Aggressive export marketing of the higher-value, fresh, extra-sweet pineapples, such as MLP's exclusive Hawaiian Gold, has helped the industry sustain sales revenues despite lower overall production. In 2003, 228,315 tons of fresh pine were shipped out of Hawaii, a 16 percent increase over 2002's 196,744 tons. New developments, such as using pine waste from harvesting and processing for livestock feed by a partnership of MLP, Maui Community College and the Maui Cattle Co., suggest the "King of Fruits" cannot be counted out yet.
With just two sugar companies left in the state, Gay & Robinson on Kauai and Hawaiian Commercial & Sugar (HC&S) on Maui, the sugar industry is also exploring new products and markets in the face of stiff competition from cheaper raw sugar from foreign countries. Hawaii's sugar sales rose slightly in 2003 to $64.4 million from $64.3 million in 2002. This increase is the only two-year upward trend in revenues since 1998.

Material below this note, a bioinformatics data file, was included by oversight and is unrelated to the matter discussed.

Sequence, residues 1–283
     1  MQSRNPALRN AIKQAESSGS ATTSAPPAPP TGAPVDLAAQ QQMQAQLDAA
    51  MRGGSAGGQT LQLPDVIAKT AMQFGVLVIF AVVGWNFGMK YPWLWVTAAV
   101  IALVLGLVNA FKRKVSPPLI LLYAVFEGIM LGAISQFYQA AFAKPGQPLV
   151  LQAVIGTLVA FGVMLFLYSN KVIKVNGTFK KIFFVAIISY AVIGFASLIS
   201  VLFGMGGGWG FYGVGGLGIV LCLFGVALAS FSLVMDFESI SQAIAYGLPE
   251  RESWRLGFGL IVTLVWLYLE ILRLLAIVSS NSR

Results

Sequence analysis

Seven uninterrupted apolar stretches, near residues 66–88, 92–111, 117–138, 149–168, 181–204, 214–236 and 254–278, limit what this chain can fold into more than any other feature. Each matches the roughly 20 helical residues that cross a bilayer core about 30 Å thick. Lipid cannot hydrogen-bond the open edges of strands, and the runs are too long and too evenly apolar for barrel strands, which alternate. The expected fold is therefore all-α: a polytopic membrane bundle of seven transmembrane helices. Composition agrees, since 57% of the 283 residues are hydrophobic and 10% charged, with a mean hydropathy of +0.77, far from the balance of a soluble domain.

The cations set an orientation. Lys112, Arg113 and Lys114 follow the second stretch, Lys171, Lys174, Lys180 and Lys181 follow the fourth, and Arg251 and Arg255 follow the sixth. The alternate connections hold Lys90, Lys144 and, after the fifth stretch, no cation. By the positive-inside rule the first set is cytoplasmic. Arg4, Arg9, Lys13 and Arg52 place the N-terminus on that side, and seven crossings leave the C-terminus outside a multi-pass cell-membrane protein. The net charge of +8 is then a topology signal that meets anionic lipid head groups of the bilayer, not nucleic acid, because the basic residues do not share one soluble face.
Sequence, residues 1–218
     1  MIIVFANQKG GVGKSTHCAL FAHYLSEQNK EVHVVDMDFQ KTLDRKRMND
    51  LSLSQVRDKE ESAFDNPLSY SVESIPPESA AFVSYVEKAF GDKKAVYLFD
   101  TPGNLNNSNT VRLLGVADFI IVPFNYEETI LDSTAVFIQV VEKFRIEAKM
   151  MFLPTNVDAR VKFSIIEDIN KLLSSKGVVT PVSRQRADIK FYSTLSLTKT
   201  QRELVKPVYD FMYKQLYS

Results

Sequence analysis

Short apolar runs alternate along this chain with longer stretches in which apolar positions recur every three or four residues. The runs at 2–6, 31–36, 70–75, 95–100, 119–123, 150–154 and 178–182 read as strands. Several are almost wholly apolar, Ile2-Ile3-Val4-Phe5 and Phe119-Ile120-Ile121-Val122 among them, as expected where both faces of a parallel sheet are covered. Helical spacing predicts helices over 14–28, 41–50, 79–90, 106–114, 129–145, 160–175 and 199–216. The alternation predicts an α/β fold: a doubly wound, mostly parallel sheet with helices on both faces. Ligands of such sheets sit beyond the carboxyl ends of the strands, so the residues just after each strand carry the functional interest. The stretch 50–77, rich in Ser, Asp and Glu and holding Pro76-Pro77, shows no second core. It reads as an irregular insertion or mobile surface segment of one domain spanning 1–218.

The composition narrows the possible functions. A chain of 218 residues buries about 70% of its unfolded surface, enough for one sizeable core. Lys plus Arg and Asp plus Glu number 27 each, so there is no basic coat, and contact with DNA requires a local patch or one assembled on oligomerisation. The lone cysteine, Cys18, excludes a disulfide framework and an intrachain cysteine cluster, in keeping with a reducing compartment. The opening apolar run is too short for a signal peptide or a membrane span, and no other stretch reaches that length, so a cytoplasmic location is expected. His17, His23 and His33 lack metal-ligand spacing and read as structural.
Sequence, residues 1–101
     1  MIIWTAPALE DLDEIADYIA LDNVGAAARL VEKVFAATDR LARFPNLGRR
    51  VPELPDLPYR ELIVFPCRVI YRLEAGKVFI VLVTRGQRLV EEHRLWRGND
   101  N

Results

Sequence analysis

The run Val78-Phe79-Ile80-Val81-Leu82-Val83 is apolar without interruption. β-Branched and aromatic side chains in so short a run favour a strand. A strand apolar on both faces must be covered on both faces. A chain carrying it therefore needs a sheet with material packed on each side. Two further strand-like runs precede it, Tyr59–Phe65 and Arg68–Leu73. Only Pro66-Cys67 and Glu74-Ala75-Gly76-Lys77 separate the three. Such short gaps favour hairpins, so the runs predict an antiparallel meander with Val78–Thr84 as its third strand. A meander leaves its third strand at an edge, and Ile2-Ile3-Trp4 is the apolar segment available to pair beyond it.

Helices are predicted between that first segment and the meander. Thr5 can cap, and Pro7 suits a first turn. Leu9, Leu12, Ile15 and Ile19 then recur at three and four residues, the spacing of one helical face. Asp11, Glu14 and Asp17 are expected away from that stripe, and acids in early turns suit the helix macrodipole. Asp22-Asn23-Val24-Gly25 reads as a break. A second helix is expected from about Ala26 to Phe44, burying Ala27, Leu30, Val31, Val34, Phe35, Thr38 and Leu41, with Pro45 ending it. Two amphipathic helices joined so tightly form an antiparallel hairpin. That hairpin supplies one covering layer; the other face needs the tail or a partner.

"Sugar prices have been stable to down for 20 years, so you need to keep finding additional revenues from existing products," says Steve Holaday, who oversees 80 percent of the state's sugar production as plantation manager of HC&S' 37,000-acre central Maui plantation. Hawaii's industry has been moving away from raw sugar production, one of three sugar plant products produced in the state (the other two are molasses and plant fiber). For HC&S, conversion from raw sugar to food grade sugar production, a high-margin market of consumer-ready sugar that's growing 15 percent a year, now accounts for about 8 percent of HC&S' sugar production, says Holaday.
The sugar plant also provides an efficient way to convert water and sunlight into biomass, a renewable source of energy. "And biomass is the basis for new directions for us," Holaday says. HC&S already uses the plant fiber residue, called bagasse, to generate all of the plantation's power requirements and about 8 percent of the power needs of Maui's homes and businesses.
Ethanol production is sugar's new "sweet deal" with Maui Ethanol, one of four planned ethanol plants in the state, anticipated to use HC&S' annual production of about 73,000 out of the state's total of 90,000 tons of molasses to produce ethanol.